Not that I’m a minimalist right now, but it’s something I’m slowly working toward. See, it all started when I moved to Bloomington, IN a few years ago for grad school. I brought EVERYTHING. I filled a decent-sized Budget moving truck with all of my furniture (couch, loveseat, chair, ottoman, dining set, mattress, dresser, entertainment shelf thing, bookshelf, vanity…probably things I’m forgetting), art, clothes, books, records…EVERYTHING. I packed my Camry full of stuff. I had a whole, furnished house worth of STUFF.
I did this because neither of my new housemates had any furniture and I thought it would be easier and cheaper to carry the trappings of my 28 years of life across several state lines, and it was fine. We had a nicely furnished, comfortable home with lots of kitchen equipment and gardening tools and knick knacks. And all through that year, I bought more stuff. I bought clothes for a new lifestyle. I bought shoes. I filled the house with more and more things.
And then disaster struck. Relative disaster. We had to move. I found a small 1-bedroom apartment that a lot of my furniture wouldn’t fit it. I had a storage unit for the summer, but it was double-booked so I was left with a truck full of my stuff, a limited time to move it all, and 1 friend who could help. I was screwed. I called my friend Alexa, who was in Germany, to beg her to let me use her tiny basement storage area for my things. I grabbed her hidden extra key and I crammed as much stuff as I could into her basement room, shoved my mattress behind her wardrobe, loaned her my coffee table and patio furniture for the summer…but I had to donate the rest of my furniture to the ReStore. I gave my couches to another friend (they came to me for free so I felt this was probably a good karmic decision) and said goodbye to everything except what I could fit at Alexa’s, and drove my packed Camry to Richmond, VA for a summer internship.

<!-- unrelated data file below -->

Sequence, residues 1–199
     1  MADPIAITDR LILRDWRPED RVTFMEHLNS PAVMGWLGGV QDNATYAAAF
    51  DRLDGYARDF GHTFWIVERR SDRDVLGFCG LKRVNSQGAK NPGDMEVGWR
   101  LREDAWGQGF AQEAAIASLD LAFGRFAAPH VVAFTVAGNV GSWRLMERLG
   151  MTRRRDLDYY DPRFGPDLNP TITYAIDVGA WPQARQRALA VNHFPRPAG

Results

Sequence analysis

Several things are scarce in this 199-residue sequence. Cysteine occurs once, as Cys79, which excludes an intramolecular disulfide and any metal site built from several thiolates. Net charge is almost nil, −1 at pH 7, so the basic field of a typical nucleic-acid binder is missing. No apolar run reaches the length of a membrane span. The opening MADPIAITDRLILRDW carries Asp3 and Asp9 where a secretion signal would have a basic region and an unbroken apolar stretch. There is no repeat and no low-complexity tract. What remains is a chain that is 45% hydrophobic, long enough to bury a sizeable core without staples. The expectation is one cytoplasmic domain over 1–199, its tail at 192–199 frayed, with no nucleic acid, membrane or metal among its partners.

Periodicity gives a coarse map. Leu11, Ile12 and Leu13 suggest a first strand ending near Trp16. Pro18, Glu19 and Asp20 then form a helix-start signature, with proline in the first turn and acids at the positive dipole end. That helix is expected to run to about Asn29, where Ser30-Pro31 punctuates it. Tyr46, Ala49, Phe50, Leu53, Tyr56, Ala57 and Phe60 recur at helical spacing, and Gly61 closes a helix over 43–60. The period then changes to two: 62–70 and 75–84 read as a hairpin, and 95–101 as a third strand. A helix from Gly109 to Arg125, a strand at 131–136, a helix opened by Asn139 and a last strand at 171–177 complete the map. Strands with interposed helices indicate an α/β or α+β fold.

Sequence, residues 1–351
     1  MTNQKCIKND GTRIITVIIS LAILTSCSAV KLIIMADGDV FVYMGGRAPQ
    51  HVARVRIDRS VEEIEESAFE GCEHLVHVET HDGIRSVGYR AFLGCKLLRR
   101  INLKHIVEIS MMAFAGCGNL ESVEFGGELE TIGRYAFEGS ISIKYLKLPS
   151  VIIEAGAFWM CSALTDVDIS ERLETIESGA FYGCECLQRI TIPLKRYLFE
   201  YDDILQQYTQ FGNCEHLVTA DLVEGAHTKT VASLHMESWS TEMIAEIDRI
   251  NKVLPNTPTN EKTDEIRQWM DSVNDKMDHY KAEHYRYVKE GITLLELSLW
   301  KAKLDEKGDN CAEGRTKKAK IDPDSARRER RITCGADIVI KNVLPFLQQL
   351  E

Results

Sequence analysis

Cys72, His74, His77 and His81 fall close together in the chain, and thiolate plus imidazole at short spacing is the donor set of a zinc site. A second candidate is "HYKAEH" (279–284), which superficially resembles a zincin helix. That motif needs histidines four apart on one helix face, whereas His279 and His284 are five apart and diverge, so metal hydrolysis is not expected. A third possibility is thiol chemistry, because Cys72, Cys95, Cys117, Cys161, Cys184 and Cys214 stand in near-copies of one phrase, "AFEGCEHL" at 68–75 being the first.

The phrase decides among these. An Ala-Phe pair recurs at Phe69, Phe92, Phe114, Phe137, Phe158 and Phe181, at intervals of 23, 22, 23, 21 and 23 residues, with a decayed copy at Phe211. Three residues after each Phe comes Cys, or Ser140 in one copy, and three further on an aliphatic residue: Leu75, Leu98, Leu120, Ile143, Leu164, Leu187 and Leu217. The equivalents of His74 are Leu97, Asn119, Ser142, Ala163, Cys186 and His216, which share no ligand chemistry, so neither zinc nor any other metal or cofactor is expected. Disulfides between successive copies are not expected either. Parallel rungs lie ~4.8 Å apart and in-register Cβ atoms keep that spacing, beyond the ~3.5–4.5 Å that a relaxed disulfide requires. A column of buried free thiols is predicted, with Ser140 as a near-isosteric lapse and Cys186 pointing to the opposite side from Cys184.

Flash forward to August, when I went to retrieve my things from the basement and discovered a bunch of mildewed clothes and moldy leather accessories. Everything stunk. I spent weeks trying to clean Frye boots and my great-grandmother’s scarves, hanging them outside my small apartment to dry in the sun. I had been forced to downgrade, but I still had SO MUCH STUFF.
My Mom and sister drove Mom’s hatchback to Bloomington for my graduation and to help me move back to North Carolina. I hadn’t done much packing (I’d been too busy with exams and grading undergraduate papers to do anything else) and I was sure we could get it all done in one night, but I was oh so wrong. They stayed an extra day to help me go through all of my stuff, which I now think of as my crap. I loaded a friend’s truck up for 2 separate Goodwill trips. I sold books and furniture on Facebook and gave away the rest. At the last minute, I ditched an entire laundry basket worth of shoes (there was another basket), making snap decisions. It felt good.
My neighbor, an older man, walked by and looked at my car in amazement. He went to college, he said, with a single suitcase. I felt ashamed then, looking at all my stuff.